It seems Thiessen has a reputation for brilliance: http://moderntheatre.suite101.com/article.cfm/this_apple_is_delicious is a laudatory review of the Toronto premiere of this play. But if this play is evidence of Thiessen's normal standard, his reputation is undeserved. The characters are cardboard, possessing only enough features to propel the plot, which reminds me of a TV movie of the kind made to provide a "vehicle" for a fading star.

Oh, yeah, the plot: Dysfunctional marriage between bland husband Andy and driven real-estate-agent wife Evelyn. Husband has been fired from his government job, gets no sympathy from bitchy Wife, and offers none in return when she complains about her job. He meets medical student Samantha in the park, has affair with her – she has an orgasm the first time they're together. Wow! Student has no goals in life, just wants to enjoy the moment. Wife is engaged to sell Student's condo (inherited from her mother). Neither knows they have a man in common. Then Wife develops breast cancer. Husband now has a full-time job: to care for Wife. The intern handling her case for the specialist is – the Student! Husband breaks off affair. Husband and Wife reconcile (and have orgasmic sex on stage to prove it.) Wife dies. Husband and Student meet in park again, she wants to get back together with him. He refuses. The End.

But why should we care for these people? Just because someone has lost a job or develops a fatal disease is not enough reason to feel any more than an abstract compassion for them. We have to believe their lives matter to them, but how can we do so when so little of their lives is revealed? I suppose the wife's acceptance of her mortality, her reconciliation with her husband, his devoting himself to her and giving up the sexy student, are all intended to show how the smell of death can be morally therapeutic. Or something like that. There are repeated references to living in the moment. The characters remark on the beauty of the park, the sunlight, the air, in identical phrases, etc and so on and so forth. The adjudicator claims the script was written like a piece of music, by which he presumably had these repeated motifs and their variations in mind. I found the language flat and uninteresting – the repeated references to the beauty of the park became irritating to me. "Beauty" is a word that fails to convince me.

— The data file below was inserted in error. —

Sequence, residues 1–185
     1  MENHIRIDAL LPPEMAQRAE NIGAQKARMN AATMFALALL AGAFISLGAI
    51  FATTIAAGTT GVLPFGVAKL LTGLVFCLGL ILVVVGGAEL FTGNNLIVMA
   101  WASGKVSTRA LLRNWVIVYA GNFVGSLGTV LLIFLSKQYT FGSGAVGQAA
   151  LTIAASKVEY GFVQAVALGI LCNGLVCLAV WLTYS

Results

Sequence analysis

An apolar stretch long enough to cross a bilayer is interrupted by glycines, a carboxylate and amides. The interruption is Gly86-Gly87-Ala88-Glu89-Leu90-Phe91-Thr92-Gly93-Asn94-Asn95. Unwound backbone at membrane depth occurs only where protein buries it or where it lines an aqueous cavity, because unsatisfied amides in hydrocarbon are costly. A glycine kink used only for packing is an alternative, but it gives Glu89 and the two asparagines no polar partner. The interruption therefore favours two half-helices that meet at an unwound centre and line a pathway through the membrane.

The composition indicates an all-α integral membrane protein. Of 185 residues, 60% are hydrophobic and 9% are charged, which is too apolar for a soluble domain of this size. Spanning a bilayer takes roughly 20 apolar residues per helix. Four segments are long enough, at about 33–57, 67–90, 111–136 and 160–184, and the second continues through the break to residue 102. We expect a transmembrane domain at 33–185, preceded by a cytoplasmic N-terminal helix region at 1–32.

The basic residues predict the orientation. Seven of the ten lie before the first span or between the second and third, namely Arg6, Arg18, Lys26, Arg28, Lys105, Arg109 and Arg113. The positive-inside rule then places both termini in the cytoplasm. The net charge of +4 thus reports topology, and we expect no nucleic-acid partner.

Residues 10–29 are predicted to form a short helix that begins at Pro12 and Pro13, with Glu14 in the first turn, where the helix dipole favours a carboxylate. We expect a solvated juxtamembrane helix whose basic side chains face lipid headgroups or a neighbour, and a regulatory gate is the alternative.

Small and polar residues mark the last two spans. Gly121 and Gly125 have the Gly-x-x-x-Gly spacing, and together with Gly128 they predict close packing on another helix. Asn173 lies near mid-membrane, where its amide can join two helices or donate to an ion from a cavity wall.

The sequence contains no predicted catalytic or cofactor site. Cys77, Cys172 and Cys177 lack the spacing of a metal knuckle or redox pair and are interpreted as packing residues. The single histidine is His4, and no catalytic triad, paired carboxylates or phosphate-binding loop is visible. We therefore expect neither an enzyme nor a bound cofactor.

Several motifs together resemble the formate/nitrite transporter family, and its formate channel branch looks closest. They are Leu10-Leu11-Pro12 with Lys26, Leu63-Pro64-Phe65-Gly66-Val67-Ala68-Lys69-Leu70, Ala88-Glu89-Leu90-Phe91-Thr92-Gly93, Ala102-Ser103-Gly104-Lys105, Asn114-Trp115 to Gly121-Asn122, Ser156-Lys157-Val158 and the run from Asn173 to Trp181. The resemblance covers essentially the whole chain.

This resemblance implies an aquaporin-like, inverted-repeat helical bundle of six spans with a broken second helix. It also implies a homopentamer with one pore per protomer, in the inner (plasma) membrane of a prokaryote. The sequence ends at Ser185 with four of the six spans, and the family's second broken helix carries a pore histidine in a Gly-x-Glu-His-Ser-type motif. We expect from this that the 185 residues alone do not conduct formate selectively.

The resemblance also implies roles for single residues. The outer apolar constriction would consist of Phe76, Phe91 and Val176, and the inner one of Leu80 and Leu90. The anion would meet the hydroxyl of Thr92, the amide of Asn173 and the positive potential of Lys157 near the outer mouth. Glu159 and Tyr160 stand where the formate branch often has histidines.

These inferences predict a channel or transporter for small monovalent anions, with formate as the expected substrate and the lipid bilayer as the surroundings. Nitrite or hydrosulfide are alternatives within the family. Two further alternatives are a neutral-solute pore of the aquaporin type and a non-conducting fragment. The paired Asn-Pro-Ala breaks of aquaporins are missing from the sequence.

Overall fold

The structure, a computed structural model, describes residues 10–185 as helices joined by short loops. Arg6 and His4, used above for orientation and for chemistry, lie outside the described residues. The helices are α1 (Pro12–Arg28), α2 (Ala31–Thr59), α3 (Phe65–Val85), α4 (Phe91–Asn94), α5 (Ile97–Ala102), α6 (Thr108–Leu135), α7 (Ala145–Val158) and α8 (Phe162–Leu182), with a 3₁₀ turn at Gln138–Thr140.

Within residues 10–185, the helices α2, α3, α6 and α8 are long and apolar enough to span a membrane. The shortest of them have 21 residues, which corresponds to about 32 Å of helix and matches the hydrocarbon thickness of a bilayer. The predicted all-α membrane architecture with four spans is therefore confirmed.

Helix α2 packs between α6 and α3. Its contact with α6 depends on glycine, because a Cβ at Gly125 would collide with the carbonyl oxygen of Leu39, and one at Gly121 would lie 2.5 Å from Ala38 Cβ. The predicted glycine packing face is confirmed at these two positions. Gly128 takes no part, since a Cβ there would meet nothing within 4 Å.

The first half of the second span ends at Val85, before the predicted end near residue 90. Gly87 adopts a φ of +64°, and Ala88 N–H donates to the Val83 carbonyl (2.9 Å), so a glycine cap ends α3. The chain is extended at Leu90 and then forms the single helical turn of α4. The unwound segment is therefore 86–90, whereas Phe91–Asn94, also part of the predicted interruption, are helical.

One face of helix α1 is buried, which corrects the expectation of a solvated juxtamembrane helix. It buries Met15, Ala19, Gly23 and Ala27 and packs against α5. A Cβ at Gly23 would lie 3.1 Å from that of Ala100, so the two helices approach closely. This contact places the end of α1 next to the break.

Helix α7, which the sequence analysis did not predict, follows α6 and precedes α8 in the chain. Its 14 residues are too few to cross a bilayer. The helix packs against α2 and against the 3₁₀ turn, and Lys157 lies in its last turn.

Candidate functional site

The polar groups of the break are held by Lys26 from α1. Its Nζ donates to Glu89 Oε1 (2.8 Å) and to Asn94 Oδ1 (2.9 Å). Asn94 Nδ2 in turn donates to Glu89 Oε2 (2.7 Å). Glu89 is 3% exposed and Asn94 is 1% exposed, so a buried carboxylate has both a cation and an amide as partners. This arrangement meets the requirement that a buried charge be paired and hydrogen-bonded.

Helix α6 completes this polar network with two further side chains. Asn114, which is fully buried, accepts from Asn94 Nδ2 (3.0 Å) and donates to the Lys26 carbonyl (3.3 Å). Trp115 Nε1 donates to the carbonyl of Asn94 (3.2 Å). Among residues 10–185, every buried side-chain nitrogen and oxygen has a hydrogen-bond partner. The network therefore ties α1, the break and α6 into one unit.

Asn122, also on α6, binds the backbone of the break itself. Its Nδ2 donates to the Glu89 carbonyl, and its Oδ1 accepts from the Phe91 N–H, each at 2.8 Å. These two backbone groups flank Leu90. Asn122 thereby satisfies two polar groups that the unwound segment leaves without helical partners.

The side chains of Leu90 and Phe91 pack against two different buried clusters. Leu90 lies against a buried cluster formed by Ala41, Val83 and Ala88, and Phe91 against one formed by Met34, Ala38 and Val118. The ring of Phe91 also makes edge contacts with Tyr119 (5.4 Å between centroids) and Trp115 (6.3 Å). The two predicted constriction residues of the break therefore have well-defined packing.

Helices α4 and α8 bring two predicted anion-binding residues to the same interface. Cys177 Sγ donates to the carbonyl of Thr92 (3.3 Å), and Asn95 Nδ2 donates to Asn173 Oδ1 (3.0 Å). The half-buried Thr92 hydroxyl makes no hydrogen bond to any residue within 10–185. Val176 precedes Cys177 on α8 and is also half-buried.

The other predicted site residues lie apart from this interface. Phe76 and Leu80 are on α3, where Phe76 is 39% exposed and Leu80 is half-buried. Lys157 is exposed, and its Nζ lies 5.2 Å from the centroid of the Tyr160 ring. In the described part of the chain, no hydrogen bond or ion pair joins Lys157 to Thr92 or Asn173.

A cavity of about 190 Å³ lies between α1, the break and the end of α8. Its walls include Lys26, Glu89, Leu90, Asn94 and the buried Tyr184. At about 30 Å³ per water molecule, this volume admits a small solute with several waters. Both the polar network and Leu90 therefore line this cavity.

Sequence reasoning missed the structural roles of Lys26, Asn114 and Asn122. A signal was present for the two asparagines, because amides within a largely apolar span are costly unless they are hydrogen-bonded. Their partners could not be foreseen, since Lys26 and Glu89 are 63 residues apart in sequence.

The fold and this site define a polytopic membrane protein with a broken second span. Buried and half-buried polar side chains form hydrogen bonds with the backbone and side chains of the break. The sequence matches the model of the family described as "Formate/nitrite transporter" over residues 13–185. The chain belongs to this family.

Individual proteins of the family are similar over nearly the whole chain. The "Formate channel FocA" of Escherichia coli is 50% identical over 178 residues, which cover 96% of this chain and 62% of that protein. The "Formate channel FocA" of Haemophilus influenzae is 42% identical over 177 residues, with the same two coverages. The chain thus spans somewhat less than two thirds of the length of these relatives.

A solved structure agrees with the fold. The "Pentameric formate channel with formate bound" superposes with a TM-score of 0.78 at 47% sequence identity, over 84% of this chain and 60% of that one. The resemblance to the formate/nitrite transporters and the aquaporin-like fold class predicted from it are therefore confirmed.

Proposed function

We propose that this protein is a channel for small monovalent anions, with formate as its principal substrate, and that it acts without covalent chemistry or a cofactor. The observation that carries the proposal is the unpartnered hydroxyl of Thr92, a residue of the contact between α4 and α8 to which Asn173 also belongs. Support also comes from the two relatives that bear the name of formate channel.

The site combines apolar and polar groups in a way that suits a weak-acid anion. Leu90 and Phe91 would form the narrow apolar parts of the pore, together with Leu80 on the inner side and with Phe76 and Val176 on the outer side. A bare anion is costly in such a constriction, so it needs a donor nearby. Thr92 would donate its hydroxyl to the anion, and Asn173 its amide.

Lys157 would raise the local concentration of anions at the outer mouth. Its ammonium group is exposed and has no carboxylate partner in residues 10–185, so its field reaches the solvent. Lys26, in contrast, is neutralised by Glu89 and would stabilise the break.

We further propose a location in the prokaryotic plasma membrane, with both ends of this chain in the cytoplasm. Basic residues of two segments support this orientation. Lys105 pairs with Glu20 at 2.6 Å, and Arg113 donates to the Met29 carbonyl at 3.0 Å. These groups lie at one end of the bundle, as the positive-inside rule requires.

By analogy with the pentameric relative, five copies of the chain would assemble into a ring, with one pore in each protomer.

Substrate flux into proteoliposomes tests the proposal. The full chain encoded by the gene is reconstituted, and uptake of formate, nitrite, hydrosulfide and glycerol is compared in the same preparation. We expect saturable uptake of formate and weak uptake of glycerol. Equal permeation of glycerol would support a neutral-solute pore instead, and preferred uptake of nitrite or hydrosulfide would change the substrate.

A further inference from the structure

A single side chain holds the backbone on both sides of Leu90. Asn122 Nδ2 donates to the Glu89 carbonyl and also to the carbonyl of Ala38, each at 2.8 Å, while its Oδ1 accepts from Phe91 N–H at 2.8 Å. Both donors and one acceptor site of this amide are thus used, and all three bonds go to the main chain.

The characters are flat, they engaged neither my interest nor my sympathy, despite the actors' skill. For example, the husband claims to have loved his government job, but we never know why – beyond making that claim, he says nothing about it. So on what grounds should I believe that he loved his job?

Thiessen has a knack for using incomplete phrases and sentences to express social awkwardness, but that has limited use in a play that supposedly explores how and why people make the choices they must make. He also suffers from the regrettably wide-spread notion that scattering fuck yous about makes dialogue more realistic, since such strong words must express rage, mustn't they? Well, no, actually. The phrase worked best when Andy and Evelyn used it good-naturedly to express affection.

Thiessen has another gimmick: at intervals, the student appears dressed in doctor's whites, and lectures about the progress of cancer. I suppose the technical, medical language is intended to comment on the action, and to heighten the reality and emphasise the emotion of the dialogue. Unfortunately, Thiessen didn't bother to get the facts right - the student tells us that cancer "invades" the cells, which is an elementary error. It put me off, so I was not disposed to look kindly on the superficial characterisation, the sophomoric assumption that a life-threatening situation is in itself enough to evoke pity and terror, and the attempt to heighten realism by using foul language and explicit sex. There were quite a few funny bits, but neither the script nor the direction indicated that they were intended as such.

Monday, March 17, 2008

BigDog, an animoid robot

Just check it out. There are seven videos in all.

http://gizmodo.com/368651/new-video-of-bigdog-quadruped-robot-is-so-s

Cute li'l beastie, eh?

Friday, March 14, 2008

Movie review: Away from Her

Away from Her (2007. D: Sarah Polley. Gordon Pinsent, Julie Christie, Olympia Dukakis)

Fiona's developing Alzheimer's results in her going into a long term care home. Grant has a very difficult time adjusting to this. At the home, Fiona starts a relationship with Aubrey, a fellow patient. His wife Marian takes him out of the home because she can't afford to keep him there without selling her house. Fiona becomes depressed. Grant comes to ask Marian to bring Aubrey back for a visit. She refuses. Later, Grant and Marian have sex. Marian sells her house, and brings Aubrey back to the home. When Grant is about to bring him to Fiona, Fiona has a lucid spell, as predicted by the nurse, and recalls that recently Grant was reading her Auden's Letters from Iceland. Grant is ecstatic that she remembers him. Fadeout. And that's the plot, based on an Alice Munro story.